Sometimes deadlines are missed accidentally – in the real world, mistakes do happen. However, don’t panic – at the EPO, missing a deadline does not necessarily mean the end of the line for a patent or application. Restoration may be possible.

There are two hurdles to overcome to restore a patent or application at the EPO – 1) applying for restoration in time, and 2) providing sufficient facts to support the test for restoration.

Deadline

Applying for restoration in time requires two elements to be satisfied: the application for restoration must be within 12 months of the missed date, and also within two months of the removal of the cause of non-compliance.

When it first became known that the deadline was missed is therefore a key question – and one that will start the clock for the deadline for applying for restoration. When was the problem/mistake/issue identified? It might be the date you received a notice of loss of rights, or it might be the date an internal status check flagged a problem.

Whatever the case, the deadline for requesting restoration is two months from the date the mistake was discovered. It may be necessary to provide evidence in support of the correct deadline. Certainly, the sooner you act the better.

All due care

The test for restoration is that the applicant, and any professional law firms/renewal agencies used, took ‘all due care in the circumstances’.

Typically, it is necessary to explain that the applicant and/or their attorneys had a system in place for ensuring that deadlines were met, and that the failure to meet this deadline in this particular instance was due to an unexpected break down in an otherwise well-functioning system.

For example, if a renewal deadline was missed, it would be necessary to explain what the applicant’s usual system is for renewing at the normal renewal date and why the application was not renewed then. Then we would need to explain what the normal system is for renewing in the six month late renewal period – what would have happened if it had all gone as it should.

Then we need to explain what went wrong. Often it’s possible to point to isolated human error from trained experienced staff. Human error is often a reason for allowing a restoration request, especially if there is a solid explanation as to why the human error occurred. Were there unexpected pressures? Was there a typographical error in a date, despite a system including double checks?

The test takes into account the circumstances, and so the standards are lower for small companies and private individuals, where a paper reminder system may be all the due care required. For a large company the EPO expect more significant and sophisticated resources and systems – ideally/often a primary reminder system and a backup reminder system.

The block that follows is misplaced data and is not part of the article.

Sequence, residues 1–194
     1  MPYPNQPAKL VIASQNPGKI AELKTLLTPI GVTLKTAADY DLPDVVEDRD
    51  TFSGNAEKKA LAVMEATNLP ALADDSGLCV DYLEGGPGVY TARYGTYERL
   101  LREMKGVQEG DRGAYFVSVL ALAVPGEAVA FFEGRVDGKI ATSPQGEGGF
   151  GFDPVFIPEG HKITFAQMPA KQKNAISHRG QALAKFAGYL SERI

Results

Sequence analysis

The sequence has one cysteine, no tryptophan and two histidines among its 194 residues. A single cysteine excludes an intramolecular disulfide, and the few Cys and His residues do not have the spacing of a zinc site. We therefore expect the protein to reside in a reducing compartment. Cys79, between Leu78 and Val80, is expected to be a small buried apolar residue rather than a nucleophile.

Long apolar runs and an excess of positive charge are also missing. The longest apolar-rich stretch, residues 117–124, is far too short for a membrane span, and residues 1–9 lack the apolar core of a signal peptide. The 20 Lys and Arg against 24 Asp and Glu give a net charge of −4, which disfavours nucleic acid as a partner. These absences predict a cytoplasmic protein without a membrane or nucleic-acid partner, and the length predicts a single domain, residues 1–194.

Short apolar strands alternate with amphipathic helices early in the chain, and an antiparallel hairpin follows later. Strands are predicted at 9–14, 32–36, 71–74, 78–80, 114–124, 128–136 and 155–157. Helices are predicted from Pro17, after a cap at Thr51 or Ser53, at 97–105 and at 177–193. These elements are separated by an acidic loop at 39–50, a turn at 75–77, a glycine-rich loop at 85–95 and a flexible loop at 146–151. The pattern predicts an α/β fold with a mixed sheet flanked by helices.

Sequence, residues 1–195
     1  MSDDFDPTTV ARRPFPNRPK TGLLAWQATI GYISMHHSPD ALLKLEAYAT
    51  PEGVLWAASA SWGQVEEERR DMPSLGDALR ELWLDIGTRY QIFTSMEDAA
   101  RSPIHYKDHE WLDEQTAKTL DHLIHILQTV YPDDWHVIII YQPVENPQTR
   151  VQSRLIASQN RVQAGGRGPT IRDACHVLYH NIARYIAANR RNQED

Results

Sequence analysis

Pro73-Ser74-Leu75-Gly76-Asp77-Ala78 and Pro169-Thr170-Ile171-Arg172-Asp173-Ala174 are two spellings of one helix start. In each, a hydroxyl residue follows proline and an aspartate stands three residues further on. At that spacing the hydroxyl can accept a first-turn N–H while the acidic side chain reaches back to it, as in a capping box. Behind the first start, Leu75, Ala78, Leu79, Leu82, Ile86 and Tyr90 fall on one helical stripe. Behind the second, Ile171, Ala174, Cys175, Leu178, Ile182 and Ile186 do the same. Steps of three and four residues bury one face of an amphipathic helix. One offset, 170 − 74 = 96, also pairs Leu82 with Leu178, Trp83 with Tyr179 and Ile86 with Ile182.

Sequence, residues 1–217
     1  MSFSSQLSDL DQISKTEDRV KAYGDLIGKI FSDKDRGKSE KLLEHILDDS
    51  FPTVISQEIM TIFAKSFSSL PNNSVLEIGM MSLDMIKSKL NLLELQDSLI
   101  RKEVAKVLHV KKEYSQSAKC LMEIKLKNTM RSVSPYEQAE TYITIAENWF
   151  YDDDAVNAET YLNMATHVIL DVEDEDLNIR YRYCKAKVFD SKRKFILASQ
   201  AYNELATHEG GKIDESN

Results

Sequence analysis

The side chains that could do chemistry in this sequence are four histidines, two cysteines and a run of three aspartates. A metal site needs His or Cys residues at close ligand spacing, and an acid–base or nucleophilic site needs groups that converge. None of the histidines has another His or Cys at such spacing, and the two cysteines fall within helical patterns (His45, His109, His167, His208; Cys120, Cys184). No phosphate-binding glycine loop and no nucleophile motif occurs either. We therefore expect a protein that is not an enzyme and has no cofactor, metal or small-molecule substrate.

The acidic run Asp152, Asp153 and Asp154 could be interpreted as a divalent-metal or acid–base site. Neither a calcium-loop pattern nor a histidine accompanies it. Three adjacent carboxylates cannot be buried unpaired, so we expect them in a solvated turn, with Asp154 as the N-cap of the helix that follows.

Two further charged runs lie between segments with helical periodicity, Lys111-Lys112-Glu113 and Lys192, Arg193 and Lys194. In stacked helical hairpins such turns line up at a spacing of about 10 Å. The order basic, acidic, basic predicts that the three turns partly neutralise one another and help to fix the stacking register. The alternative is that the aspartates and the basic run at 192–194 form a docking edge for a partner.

Circumstances which can result in the EPO allowing a restoration request include, but are certainly not limited to:

  • a relevant person (e.g. the applicant) thought the deadline had been met and thought the reminders were an error;
  • no reminders were sent to the applicant due to human error, and so the applicant was unaware of the deadline;
  • the applicant was ill and unable to give instructions or gave confused/wrong instructions;
  • the applicant planned to decide at the last minute and then a crisis intervened at the relevant timescale and the deadline was overlooked;
  • instructions were sent by a relevant party but not received;
  • a gross dereliction of duty, such as someone covering up not meeting the deadline when the applicant thought they had;
  • the deadline was entered wrongly into a docketing system due to an uncharacteristic human error.

Nearly any sensible reason why the normal system, including any back-up system, broke down will do. BUT we need to show there was a good normal system.

One thing to stress is that the applicant changing their mind after deliberately missing the deadline is not likely to be “all due care” – unless there was a plan to assess the position before the deadline and that plan was not implemented – in which case there was no concrete intent to abandon the patent application anyway.

How we can help

A telephone discussion can kick-start the restoration fact-gathering, prior to drafting statements/affidavits in support of the request. This helps us to fully understand the story and facts behind the request, and allows us to advise on the approach with the best chance of success.

Statements are often needed from the US law firm, and often the EP law firm/whoever was the EP address for service (they should have had a Notice of Loss of Rights and forwarded that on). In the case of a missed renewal, a statement may also be needed from any renewal agency (CPA, CIP or the like) that may have been part of the renewal chain. We may also need something from the applicant themselves – for example if they did give instructions in time and those instructions were not carried out. It all depends on why the deadline was missed, and what story we need to walk the EPO through.

The important thing is to act quickly – call us as soon as the missed deadline is discovered. The two month deadline for requesting restoration can fly by quickly, and can’t be extended, so the earlier we can begin gathering the necessary facts, the better chance we will have of successfully restoring the application.

If you have a specific issue you would like to discuss in more detail, please contact your usual Barker Brettell attorney.